So the problem that I have both faced in my own writing and found in other's novels is this: Amateur authors tend to cast themselves as the main character. Here's the problem with that. When was the last time you read a good book about a normal person, with a totally normal life, who did totally normal things? Hopefully you have never been forced to read such a dull book. I would imagination that would be awful, and I would hope to spare you such a novel.
Writer's don't agree on much as far as the writing process goes, but I think almost everyone will agree that a good books is when good characters meet an interesting plot. And to have those things, you have to break from ordinary. So unless you're a professional thief, Olympic candidate, or daughter of a famous rock star, a character who is the literary incarnation of you is probably not a huge break from the ordinary.
In addition to that, we all view ourselves very unobjectively. So if you base a character off yourself you will find it very hard to portray that character as making bad decisions or doing the wrong thing. None of us like to present ourselves in a bad light, and so we will have the same problem with characters based off ourselves. We want them to be amazing heroes, and hope we will rise to any occasion we face, so when our characters have every right to be breaking down and giving up, we don't even let them show fear or doubt, because we hope we wouldn't either. (On a side note, it is also very hard to torture or emotionally devastate a character based intentionally on yourself.)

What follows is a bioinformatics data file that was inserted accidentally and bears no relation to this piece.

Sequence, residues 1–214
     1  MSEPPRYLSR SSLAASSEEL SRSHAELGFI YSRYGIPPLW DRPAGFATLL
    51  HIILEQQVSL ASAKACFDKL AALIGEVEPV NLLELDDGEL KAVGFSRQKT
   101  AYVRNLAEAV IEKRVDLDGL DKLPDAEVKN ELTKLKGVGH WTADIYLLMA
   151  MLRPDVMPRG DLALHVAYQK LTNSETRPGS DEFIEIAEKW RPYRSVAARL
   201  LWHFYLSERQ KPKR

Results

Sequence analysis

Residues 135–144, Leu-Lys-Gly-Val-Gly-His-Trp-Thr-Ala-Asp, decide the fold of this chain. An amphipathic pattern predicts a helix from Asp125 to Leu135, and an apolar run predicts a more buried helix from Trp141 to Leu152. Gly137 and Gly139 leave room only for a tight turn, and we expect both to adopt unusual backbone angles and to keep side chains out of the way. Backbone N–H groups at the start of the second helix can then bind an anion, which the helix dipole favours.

Disclaimer: It is perfectly plausible to have characters that originally seem like normal people, but as their stories play out, we realize they are more than that. Take the Pevensie children from the Chronicles of Narnia. They seem like perfectly normal people, but out of that Lucy because one of the most caring literary children I can think of. While Edmund is a bully who learns the error of his ways. Now, if you were Edmund and trying to write the story of Narnia, don't you think you would have a hard time exposing the selfishness Edmund shows?
So we've labeled it as a problem, but how to we fix it?
- Give your characters struggles you don't struggle with. I believe it was Lily J. who shared this idea with me and I think it's great!
- Switch the gender. (I'll be honest, this one is probably my favorite.) It is, I find, hard to represent my personality in a boy, because I am very girl-like. Just switching my main character from a girl to a boy really deepens my character.
- Give the character skills you don't have/want. I am not a fantastic chef, but neither is it something I strongly desire for myself. If a character of yours is really great at something you don't really thinks about all that much, your character's interest in that hobby will lead to a different personality from yours.
- Give your characters a history that leads to an interesting person. I'm the middle child of a large family in a two parent home in the country. Nothing about my history or past makes me all that special. If I was the runaway daughter of a drug cartel leader, on the other hand, I would probably be a much more interesting character.
So that's what I have to say today. What do you think? Anything you'd never heard before? Anything you disagree with? Or something that particularly stuck out to you? I'd love to hear your opinions! Either leave your answers in the comments or feel free to write up a similar blog post with your opinions on this topic and leave me the link!
Have a great week!
Have a great week!